Forwarders promised a 'stronger voice' after IATA-FIATA air cargo initiative fails
Nearly a decade after it was first mooted, the joint IATA-FIATA Air Cargo Progamme (IFACP ...
Cannabis flies, but legal uncertainties continue to hold back many carriers.
Since Canada legalised the recreational use of cannabis a year ago, the commodity has taken off – literally. Airfreight use is booming, led by traffic out of an 800,000 sq ft production facility located right on Edmonton International Airport.
“They can’t produce it fast enough,” said Tim Strauss, vice-president of cargo at Air Canada.
However, most of the Edmonton facility’s output is not for domestic consumers but medical grade cannabis shipped to international destination markets that have legalised the medical use of the substance.
This has proved a boon for some carriers, but many are left watching from the outside.
“Companies that are in the business seem to be going gangbusters,,” remarked Joe Lawrence, president of Toronto-based cargo GSSA Airline Services International.
“We’ve been approached by growers and players who ask: ‘What can you tell us?’,” he reported.
One of his clients has categorically ruled out the carriage of cannabis but others are interested. However, they are facing a lot of uncertainty surrounding the issue.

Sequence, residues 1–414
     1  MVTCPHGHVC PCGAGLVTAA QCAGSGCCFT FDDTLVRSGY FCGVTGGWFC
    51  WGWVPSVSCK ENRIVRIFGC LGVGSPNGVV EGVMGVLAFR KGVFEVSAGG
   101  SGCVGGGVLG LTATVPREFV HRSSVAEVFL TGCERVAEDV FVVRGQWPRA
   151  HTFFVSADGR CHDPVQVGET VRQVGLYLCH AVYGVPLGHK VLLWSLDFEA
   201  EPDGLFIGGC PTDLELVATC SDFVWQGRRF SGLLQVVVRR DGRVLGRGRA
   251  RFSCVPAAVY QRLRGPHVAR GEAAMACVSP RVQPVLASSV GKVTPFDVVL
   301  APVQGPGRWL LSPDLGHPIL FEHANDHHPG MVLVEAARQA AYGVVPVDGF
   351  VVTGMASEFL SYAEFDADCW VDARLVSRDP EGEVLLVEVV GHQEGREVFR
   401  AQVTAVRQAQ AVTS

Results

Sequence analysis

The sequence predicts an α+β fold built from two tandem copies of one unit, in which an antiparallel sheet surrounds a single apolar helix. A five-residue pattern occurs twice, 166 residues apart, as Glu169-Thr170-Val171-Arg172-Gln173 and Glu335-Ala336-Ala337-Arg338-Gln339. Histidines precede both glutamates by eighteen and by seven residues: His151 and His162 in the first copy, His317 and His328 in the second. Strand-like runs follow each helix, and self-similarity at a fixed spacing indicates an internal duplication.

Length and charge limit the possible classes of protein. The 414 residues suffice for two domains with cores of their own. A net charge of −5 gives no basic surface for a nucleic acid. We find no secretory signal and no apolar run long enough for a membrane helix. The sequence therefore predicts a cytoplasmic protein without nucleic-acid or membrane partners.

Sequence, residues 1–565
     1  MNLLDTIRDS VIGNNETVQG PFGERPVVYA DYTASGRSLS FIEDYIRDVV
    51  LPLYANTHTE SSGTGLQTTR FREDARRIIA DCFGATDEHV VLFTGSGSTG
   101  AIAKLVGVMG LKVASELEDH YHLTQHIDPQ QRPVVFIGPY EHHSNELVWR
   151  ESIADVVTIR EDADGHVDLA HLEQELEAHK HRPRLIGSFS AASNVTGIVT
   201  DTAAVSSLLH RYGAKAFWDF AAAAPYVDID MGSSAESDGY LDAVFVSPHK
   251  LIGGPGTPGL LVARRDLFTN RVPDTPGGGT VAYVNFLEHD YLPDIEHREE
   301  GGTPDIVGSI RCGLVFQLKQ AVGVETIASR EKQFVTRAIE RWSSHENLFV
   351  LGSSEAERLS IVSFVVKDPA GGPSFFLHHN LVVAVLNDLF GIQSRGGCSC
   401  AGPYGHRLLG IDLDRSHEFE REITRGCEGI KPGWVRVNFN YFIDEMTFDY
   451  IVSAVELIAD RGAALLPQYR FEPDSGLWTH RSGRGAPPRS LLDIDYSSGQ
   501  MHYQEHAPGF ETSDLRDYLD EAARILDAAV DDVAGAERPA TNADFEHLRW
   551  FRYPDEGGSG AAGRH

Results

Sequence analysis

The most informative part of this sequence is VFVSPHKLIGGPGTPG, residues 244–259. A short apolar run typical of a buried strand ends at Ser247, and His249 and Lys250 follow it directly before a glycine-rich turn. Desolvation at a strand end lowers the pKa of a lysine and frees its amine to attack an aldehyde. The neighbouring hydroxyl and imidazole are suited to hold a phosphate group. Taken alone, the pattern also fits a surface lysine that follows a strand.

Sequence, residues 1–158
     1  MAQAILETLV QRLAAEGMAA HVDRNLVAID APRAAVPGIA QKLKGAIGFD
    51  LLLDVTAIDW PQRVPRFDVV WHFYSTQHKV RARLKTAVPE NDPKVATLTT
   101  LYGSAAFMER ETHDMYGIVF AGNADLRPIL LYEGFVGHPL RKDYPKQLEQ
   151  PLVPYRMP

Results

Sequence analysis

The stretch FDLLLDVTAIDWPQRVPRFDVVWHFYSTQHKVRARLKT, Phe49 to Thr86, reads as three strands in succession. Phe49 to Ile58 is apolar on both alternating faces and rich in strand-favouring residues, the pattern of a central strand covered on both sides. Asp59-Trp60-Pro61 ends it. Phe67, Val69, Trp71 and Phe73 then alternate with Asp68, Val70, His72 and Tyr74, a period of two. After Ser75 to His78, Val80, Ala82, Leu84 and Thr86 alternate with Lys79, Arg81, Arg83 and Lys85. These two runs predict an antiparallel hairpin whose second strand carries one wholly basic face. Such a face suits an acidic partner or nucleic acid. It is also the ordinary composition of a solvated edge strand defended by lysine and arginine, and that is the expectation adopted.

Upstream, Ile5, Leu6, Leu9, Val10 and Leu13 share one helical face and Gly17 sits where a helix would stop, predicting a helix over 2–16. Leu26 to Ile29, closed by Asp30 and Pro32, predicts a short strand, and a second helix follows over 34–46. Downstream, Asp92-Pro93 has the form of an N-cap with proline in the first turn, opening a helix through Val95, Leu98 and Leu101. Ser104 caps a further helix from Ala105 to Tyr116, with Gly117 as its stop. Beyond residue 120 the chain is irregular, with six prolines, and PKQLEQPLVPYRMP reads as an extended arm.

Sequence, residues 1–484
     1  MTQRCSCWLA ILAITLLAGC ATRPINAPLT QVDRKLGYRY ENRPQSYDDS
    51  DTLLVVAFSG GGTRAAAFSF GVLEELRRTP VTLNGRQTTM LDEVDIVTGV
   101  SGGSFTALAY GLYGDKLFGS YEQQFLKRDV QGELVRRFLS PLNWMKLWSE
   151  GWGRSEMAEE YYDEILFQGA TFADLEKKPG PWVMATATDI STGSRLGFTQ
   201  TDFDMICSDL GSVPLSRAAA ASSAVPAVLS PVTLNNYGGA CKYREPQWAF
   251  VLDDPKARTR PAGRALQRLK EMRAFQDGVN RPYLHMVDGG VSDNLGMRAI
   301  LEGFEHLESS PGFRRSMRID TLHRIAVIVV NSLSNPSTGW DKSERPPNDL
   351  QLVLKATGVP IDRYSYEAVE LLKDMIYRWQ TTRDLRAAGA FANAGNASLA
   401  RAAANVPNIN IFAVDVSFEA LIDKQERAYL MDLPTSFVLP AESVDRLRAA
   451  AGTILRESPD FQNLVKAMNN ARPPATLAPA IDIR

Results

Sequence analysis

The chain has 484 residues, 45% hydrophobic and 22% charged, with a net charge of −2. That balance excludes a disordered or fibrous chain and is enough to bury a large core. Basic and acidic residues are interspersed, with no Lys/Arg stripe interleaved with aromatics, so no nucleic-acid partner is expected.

“Some of the airlines we represent are okay with it, but they have no guidelines,” Mr Lawrence said. “There is no documentation, no rules what you can do and what you can’t.”
He added that IATA is not likely to address this issue any time soon.
“You’re not going to get it from IATA,” remarked Mr Strauss. “This is a country–by–country approach, and it’s wildly different.”
Air Canada flies cannabis on domestic sectors but has not taken it into the international arena.
“We’re tiptoeing to this,” Mr Strauss said. “There are some unique challenges on the international side. For example, if one of your planes has a mechanical [problem] in a place where it’s illegal, could that lead to the plane getting impounded?”
In recent years the number of countries that have legalised cannabis for medical use has gone up rapidly, with more than 30 nations accepting it today. In some cases the official position turned rapidly too. Early last year the British authorities still maintained that cannabis had no medical value, but months later patients could obtain it through the National Health Service.
Others remain implacably opposed to any relaxation of their total bans of cannabis, though, most notably Russia and China. Their opposition to a reform of global drug control rules prevents a change of the international treaties governing this.
Hence, the drug’s legal status looks doomed to remain ambiguous for years to come, creating a potential minefield for carriers that look to fly it on international routes.
“You could get into some awkward situations,” Mr Strauss said.
At least his airline can benefit from the unimpeded legal traffic in Canada. “The domestic market is quite good,” he said.